If the tree has been planted in the container for a long period of time, circling or girdling roots will need to be pruned. Severely pot-bound trees will need extensive root pruning. It is best to shave off the roots across the bottom and the sides with a saw in the amount of up to ¾-inch to remove any unwanted roots. If the root system is not pot- bound, rough up the sides of the root ball and place in the planting hole. Return the soil to the planting hole, while lightly compacting the soil with your hand or foot. Once planted, it is imperative to get water to the tree as soon as possible. Just as in bare root planting, the longer the roots are exposed to dry conditions either before planting or in dry soils, the rate of success is reduced.



Staking fruit trees is only advised in areas that are windy, have light soils that won’t hold the tree when soil is saturated (this is rare in Montana soil). If it is decided a tree needs to be staked, be sure stakes are solid and placed just outside the planting hole. The tree should be tied loosely with a soft webbing material that is wide enough to not cut into tree bark.

Stakes should be removed once tree roots are established. If a tree is staked in the spring, staking should be removed in the fall. It is not advised to leave trees staked for more than one season as the staking will reduce tree trunk girth.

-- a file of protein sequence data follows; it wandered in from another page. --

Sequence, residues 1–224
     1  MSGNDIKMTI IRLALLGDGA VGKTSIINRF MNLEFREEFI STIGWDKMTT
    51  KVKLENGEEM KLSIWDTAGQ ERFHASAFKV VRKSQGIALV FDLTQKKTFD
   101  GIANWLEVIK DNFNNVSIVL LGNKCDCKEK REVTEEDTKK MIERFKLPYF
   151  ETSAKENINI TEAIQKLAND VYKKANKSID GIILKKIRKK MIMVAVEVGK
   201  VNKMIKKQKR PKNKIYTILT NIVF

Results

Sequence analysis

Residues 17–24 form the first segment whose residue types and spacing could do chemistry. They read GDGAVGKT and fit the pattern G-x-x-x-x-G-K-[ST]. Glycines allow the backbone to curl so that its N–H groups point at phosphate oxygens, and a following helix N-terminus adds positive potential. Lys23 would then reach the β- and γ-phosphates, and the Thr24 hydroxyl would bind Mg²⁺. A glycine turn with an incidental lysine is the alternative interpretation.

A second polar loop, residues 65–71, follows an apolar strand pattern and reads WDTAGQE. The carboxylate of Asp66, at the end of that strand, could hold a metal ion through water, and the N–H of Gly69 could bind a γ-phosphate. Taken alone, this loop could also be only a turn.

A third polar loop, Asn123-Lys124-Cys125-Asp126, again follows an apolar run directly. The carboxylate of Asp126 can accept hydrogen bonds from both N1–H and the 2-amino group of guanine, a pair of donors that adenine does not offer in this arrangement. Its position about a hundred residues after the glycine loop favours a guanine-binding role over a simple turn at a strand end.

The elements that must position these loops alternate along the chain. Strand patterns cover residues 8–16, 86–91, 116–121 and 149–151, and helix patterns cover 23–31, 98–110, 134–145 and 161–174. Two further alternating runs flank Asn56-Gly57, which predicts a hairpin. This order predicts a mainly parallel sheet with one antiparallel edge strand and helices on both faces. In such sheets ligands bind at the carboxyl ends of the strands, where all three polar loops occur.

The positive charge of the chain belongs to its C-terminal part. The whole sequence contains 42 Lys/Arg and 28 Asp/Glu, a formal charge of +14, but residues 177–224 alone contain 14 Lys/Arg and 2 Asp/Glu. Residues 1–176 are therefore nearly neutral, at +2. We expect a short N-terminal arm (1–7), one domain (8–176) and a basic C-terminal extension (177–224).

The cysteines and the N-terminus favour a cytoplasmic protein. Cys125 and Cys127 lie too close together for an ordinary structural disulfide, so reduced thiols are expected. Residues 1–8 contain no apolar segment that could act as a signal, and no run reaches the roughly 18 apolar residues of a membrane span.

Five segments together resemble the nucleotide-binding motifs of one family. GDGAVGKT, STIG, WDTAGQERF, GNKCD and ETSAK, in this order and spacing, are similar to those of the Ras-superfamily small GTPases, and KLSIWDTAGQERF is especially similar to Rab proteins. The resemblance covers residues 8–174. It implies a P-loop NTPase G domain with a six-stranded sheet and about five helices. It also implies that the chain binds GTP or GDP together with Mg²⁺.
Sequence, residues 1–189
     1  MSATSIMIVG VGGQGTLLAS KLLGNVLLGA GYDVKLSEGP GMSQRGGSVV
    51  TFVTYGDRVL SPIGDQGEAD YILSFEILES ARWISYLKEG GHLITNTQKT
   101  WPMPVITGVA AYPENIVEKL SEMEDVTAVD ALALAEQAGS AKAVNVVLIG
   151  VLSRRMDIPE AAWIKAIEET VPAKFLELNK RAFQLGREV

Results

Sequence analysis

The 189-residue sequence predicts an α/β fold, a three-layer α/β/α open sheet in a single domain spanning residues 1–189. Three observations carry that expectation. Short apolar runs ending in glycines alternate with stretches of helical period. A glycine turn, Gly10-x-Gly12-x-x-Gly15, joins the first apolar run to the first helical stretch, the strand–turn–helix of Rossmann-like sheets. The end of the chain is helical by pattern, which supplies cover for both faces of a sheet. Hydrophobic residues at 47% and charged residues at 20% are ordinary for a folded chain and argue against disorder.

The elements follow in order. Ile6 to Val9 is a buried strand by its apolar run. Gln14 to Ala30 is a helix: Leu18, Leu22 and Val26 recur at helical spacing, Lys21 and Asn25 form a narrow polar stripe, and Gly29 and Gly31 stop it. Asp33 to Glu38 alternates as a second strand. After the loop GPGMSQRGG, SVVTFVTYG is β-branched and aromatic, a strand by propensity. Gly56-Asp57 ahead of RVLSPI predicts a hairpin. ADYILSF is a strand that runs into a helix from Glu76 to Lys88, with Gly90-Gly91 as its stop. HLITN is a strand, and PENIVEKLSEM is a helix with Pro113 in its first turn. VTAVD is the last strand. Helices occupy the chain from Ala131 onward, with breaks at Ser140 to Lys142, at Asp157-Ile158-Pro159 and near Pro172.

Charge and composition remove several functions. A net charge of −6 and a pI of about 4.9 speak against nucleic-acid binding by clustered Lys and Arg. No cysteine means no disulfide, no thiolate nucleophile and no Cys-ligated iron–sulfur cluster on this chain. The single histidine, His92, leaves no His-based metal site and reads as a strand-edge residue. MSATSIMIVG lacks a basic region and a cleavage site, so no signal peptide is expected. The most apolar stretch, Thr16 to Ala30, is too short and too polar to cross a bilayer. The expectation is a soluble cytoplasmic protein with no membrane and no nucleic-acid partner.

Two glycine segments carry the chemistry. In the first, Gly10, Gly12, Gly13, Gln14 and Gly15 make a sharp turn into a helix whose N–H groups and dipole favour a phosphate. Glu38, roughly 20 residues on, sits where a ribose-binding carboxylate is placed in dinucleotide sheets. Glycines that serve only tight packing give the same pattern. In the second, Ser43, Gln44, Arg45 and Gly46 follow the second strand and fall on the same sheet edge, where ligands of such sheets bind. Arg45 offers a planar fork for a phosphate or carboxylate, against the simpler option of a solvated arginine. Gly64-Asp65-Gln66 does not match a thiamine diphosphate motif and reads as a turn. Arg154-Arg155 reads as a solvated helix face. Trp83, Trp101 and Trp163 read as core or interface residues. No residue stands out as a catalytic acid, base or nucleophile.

A sapling in an orchard has a white tree guard and is tied to a post to remain straight

Newly planted and staked trees with trunk guards.


Trunk Protection

It is advised that tree trunks be wrapped the first year, and from fall to spring in following winters to keep bark from getting sunscald. Sunscald is caused when the sun warms cells in the trunk, causing the cells to metabolize and bring in water. In winter months the cells can freeze, rupturing the cell walls. When this occurs, the bark is compromised and will often crack or even slough off the tree.

Tree trunk protection comes in several forms. It is advised to have the trunk wrapped or use guards that reach the first branch of the tree. Carefully remove the wrap or guard once the threat of freezing temperatures has ceased, usually in May or early June. If voles or rabbits are present at a site, it may be beneficial to leave trunk guards on until trunk diameter is larger than the guard. Voles can girdle tree trunks if they are in need of a winter food source. An option for larger diameter trunks is to wrap the bottom of the trunk with 1/4-inch hardware cloth up the trunk a minimum of 12 inches. Be sure to remove the cloth at a later date so it does not girdle the tree. There also are protective sprays that can be used on the trunk to deter voles. They carry a heavy odor and will likely need to be reapplied several times over the winter.

A common practice for older trees (ones in which wrap no longer fits) is to paint the trunks with white latex paint. This helps deflect the winter sun and keeps trunks from getting further sunscald. It is imperative to only use latex paint, which is often mixed with 50 percent water to make a “white wash” that is then applied to the trunk.


Fruit Tree Irrigation